The Four Step Programme of engagement
For many, all that’s needed to make poor civic engagement a thing of the past is making politics simple, breaking it down into issues, and most importantly, offering them the space to share potential solutions.
Although it can sound scary when we speak of empowering citizens (some may have visions of riots and revolutions), for us empowerment means collective responsibility, that comes from the knowledge and ability to shape the communities we live in.
Since 2010 we have developed our Theory of Change and summarised it in a four-step programme of engagement that aims to create and develop active citizens
Learning resources that engage, provoke and inspire
OPINION FORMING, SHARING & COMPARING
Enabling the community to gather insight into the issues they care about and how they compare to others
Creating a safe space to discuss/debate with others and encouraging active citizenship
For changes to policy, legislation and manifesto writing to represent a more inclusive society
In the 17th century, coffee shops were hubs for the local community where people would come together and discuss matters of interest and concern while enjoying a cup of coffee.
DeCafe (Democracy Cafe) is our reinvigoration of this lost tradition. We work with local partners to reach diverse communities and create a safe space for meaningful engagement. Our trained facilitators gather people around tables and host sessions on particular issues, guiding the discussions and in many cases, making people feel political for the very first time.
If we want real, long-term solutions to the issues we face in society, it is important to tackle them at their root cause - through the parliamentary system and changes to laws. We facilitate changemaking through our work as the secretariat of the All Party Parliamentary Group (APPG) on Democratic Participation, which has a co-chair from each elected major political party that participates in Westminster. So our APPG is party neutral - just like us.
This is a space for stakeholders to come together, present and discuss key topics or case studies, to give evidence and ultimately explore policy-based solutions that will evolve the levels of civic and community engagement.
We know that one of the biggest barriers to civic engagement is a lack of knowledge, which can often make politics seem boring, inaccessible and daunting.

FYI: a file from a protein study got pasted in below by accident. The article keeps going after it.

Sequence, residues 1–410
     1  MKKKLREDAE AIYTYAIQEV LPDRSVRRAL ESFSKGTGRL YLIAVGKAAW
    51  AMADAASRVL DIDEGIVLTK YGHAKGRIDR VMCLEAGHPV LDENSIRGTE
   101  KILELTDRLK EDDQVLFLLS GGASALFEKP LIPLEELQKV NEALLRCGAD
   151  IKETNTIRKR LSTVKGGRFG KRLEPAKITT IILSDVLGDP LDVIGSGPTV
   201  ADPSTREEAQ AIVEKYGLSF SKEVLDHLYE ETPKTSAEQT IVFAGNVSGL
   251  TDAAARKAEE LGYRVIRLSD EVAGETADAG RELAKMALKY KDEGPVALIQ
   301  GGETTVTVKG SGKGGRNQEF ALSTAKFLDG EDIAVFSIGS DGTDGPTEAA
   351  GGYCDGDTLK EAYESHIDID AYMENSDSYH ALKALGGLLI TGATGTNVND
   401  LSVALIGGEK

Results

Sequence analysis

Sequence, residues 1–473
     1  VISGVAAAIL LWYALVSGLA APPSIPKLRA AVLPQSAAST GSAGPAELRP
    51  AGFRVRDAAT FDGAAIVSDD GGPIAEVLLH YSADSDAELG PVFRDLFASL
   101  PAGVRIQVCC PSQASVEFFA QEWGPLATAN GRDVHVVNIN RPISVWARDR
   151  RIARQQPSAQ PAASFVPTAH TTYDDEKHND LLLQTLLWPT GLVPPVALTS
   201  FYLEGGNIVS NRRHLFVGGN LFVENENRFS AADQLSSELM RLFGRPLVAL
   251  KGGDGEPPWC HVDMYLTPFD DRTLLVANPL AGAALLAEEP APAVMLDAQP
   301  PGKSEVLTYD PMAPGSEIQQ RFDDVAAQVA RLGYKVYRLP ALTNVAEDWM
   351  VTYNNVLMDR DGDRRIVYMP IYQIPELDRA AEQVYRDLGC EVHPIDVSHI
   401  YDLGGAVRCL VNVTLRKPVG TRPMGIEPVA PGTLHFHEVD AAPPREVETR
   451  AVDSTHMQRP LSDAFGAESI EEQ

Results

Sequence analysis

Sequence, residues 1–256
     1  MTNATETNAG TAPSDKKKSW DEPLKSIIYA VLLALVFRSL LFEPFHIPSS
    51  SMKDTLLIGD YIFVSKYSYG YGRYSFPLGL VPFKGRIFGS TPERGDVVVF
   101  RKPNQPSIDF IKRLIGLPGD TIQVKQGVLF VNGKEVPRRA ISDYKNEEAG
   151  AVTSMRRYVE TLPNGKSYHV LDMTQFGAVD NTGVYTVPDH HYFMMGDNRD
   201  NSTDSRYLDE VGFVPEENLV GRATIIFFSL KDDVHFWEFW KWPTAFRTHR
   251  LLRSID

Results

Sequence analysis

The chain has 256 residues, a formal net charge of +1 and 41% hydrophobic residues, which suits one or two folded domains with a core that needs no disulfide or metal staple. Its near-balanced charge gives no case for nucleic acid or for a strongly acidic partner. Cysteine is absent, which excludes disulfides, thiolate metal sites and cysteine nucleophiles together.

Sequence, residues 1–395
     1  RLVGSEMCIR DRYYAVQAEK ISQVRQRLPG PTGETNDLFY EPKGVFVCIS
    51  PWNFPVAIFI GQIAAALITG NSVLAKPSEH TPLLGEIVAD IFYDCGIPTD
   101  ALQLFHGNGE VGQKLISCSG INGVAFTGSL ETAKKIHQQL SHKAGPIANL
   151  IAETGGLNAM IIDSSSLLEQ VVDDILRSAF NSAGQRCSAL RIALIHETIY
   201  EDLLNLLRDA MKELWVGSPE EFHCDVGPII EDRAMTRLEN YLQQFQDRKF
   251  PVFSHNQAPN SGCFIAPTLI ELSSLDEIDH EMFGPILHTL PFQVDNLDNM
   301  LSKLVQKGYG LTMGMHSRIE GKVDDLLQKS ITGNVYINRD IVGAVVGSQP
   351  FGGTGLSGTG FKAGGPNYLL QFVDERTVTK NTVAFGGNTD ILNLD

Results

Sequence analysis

That’s why we created The Basics, our experiential learning workshop that acts as a fun introduction to the world of politics. The Basics helps to create a safe space to share opinions, to challenge misconceptions and to feel empathy for others. We’ve played The Basics in schools and community groups across the country and internationally for years, empowering tens of thousands of people to register to vote — this is a decision they make actively, after playing The Basics and understanding the benefits of being registered to vote and the power they have as an engaged demographic.
We created Verto to give political engagement a digital twist. Verto is an interactive platform that plays short and informative video articles to educate, provoke and inspire awareness on social issues. Weaved throughout the videos are thought-provoking questions that encourage players to share their opinions.
Our goal with Verto is to build trust and authenticity with the digital generation, collating their views and opinions across a variety of topics. Once players have finished playing Verto, they can then see how their views compare to others. We compile the data to create briefs for parliamentarians and decision makers. This is our digital democracy case study that aims to use data to change public policy and influence manifestos.
In 2016, we co-authored the Missing Millions report, since its launch and through the collective advocacy of the APPG’s network, we have influenced three changes in public policy:
1. The Government included a condition to the Higher Education and Research Act 2017, enabling students to register to vote at the point of enrolment to uni. Recommendation #3
2. The Government rolled out National Democracy Week. Recommendation #10
3. We advocated for a provision in the National Citizen Service Bill 201. Recommendation #15
4. The GLA also recently issued a tender to introduce political literacy resources in to schools, referring to the Missing Millions report as one of the reasons why political literacy in schools is essential. Recommendation #15
Chris Skidmore MP, the former Minister for the Constitution, noted that “ The Missing Millions report will go down in history as helping to evolve the UK’s electoral registration system.”